Monday, July 2, 2012

Vouchers: Not Just Catholic Schools

One of the most controversial aspects of school voucher proposals is that taxpayer money could be used to send students to private religious schools. The ACLU-types probably fume at this idea. However, we already fund private school vouchers by allowing college students to use federal Pell Grants and federally subsidized student loans at private universities such as the University of Notre Dame and the Catholic University of America. I am a Christian, and I do understand that there are many Catholic and other Christian-based schools that do a terrific job. Since vouchers seem to be an inevitable reality in today's political climate, I won't be upset if students choose to use this money at Catholic schools or other established Christian institutions of learning. Despite those intentions and given our increasing religious diversity in America, Christian schools won't be the only ones asking for voucher funds. 

Currently, there is a brewing controversy out there because of our nation's growing Muslim population.  Muslims are starting their own postsecondary institutions and K-12 schools, and I am sure they will want their students to have access to the same financial aid as everyone else. I predicted this years ago when I first started paying attention to educational politics. This is the case in Louisiana where an Islamic school applied to receive money under the state's new voucher program. Here is some information from an article posted on the Huffington Post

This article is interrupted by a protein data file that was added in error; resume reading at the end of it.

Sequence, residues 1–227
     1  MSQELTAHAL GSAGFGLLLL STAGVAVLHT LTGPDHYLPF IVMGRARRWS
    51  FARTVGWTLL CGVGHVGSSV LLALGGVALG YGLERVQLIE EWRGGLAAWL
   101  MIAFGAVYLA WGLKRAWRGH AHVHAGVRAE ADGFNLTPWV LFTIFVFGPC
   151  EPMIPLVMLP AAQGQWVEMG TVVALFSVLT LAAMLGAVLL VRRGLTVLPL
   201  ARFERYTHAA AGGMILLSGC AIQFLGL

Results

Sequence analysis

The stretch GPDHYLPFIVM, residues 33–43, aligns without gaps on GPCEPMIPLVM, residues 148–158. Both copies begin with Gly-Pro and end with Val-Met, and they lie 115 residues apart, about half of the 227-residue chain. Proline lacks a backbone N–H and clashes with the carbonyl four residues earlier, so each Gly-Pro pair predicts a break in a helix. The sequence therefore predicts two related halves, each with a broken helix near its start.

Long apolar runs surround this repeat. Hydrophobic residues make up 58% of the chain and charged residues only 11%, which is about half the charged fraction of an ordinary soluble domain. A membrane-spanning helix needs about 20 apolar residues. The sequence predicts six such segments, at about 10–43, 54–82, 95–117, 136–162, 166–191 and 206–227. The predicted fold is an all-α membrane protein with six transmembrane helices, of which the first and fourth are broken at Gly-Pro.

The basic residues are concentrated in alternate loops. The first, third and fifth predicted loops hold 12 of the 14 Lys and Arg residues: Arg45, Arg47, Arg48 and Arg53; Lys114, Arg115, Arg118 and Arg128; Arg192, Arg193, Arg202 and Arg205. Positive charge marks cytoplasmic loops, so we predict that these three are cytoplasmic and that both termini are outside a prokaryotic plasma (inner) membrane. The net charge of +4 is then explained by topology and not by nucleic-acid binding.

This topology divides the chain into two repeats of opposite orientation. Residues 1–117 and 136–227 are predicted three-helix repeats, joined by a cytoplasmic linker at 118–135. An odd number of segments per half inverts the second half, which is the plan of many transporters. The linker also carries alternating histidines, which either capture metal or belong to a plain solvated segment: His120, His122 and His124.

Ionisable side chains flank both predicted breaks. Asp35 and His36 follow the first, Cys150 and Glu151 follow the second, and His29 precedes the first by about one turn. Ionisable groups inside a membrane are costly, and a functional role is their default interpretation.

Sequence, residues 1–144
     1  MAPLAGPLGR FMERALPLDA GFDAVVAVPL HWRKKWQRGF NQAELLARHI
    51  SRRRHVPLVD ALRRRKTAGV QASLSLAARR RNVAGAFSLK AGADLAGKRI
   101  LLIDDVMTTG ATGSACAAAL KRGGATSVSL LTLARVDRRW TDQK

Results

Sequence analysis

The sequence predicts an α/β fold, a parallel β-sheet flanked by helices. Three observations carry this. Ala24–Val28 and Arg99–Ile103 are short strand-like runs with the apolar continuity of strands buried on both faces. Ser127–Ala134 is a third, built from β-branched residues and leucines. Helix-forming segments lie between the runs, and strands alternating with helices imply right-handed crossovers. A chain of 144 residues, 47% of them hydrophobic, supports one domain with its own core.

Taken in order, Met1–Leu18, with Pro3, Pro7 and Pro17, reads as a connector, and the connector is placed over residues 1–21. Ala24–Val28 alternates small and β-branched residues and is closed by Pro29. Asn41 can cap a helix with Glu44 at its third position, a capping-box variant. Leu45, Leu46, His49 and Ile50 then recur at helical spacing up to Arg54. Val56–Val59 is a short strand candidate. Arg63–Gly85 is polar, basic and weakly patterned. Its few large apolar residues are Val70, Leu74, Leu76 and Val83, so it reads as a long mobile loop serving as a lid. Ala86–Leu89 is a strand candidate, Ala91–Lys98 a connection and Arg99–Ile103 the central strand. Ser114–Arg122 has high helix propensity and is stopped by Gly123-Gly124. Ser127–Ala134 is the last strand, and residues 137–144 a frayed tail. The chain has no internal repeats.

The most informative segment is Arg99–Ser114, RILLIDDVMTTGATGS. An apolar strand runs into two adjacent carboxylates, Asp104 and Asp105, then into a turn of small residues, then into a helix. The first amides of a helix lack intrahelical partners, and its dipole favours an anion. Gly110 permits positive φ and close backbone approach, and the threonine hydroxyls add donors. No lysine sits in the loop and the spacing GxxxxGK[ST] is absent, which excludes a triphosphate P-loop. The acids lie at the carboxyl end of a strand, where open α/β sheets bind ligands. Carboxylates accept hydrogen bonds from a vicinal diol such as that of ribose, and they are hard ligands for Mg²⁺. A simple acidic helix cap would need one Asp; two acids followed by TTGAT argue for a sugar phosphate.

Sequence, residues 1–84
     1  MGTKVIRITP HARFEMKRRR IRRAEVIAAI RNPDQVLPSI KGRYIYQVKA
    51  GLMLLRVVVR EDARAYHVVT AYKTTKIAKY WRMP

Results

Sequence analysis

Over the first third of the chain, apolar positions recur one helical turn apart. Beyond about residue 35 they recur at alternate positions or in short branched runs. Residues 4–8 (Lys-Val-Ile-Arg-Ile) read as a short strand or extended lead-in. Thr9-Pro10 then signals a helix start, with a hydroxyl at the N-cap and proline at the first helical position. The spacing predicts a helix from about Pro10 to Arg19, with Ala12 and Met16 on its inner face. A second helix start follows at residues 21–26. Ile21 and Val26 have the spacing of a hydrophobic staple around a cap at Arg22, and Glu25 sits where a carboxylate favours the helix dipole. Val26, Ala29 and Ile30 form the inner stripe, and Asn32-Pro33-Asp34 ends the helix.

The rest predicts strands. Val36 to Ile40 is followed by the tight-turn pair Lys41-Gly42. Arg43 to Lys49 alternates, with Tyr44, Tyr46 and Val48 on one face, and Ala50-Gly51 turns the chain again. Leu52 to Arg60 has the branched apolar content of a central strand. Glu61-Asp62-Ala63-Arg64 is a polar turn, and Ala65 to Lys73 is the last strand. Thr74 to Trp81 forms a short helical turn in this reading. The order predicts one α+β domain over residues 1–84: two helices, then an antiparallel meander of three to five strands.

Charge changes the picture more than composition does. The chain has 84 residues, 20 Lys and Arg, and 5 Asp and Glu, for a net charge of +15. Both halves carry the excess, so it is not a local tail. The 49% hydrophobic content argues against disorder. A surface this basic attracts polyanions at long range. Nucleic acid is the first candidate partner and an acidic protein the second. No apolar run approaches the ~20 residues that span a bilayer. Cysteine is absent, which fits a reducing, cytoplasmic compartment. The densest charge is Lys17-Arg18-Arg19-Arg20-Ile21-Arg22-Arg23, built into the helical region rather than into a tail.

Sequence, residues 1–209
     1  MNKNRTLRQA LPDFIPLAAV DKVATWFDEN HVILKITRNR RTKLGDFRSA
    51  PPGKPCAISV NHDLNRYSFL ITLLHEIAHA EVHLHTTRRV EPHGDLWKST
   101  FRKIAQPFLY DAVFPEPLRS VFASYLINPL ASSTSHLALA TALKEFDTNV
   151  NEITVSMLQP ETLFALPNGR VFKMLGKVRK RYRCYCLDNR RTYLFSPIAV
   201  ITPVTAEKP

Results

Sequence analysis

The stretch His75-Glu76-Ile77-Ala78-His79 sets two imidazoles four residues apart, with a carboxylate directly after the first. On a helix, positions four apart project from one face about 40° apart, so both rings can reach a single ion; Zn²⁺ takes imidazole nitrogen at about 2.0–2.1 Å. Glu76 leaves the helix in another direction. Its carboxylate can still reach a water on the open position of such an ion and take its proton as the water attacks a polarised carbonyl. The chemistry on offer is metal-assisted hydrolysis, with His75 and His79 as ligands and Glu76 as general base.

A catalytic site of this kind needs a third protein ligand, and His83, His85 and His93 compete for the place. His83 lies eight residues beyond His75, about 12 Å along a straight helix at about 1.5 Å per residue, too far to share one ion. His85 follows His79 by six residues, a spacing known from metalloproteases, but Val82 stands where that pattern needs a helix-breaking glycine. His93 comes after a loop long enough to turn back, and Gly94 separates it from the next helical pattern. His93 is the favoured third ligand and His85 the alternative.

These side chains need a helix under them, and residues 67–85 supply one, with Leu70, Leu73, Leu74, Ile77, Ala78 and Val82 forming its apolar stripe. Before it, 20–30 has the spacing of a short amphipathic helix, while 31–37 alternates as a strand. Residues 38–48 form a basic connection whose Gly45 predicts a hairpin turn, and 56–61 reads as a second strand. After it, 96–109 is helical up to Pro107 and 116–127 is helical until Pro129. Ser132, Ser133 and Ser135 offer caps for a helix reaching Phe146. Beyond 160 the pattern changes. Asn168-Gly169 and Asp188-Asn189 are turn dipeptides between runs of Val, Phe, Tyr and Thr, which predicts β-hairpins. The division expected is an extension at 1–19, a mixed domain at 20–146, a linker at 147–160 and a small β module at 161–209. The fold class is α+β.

Stakes escalated last week when, to the frustration of some lawmakers, the Islamic School of Greater New Orleans applied for federal funds under the [new] voucher program. Republican state Rep. Kenneth Havard objected to the Islamic School's request for 38 government-paid student vouchers, saying he opposed any bill that "will fund Islamic teaching," the Associated Press reports. 
The lawmakers were able to breathe a sigh of relief because the school withdrew its application. However, I do not think this will be the last time we hear of such a request from a non-Christian religious school.
 
Another Louisiana lawmaker made an intriguing prediction:

"It'll be the Church of Scientology next year," Democratic state Rep. Sam Jones told AP.

Well, that's already happened in Florida.  A charter school in the Tampa Bay area is accused of using Scientology methods in its instruction

Politicians and education reform foundations tout the idea of vouchers assuming that the only participating religious institutions would consist of generally well-respected Catholic schools and such. To the contrary, they are now learning that they have put themselves in a tough position as other religions seek to provide their followers with a religious education and wish to be entitled to the same benefits and stature Catholic schools have enjoyed all of these years. 



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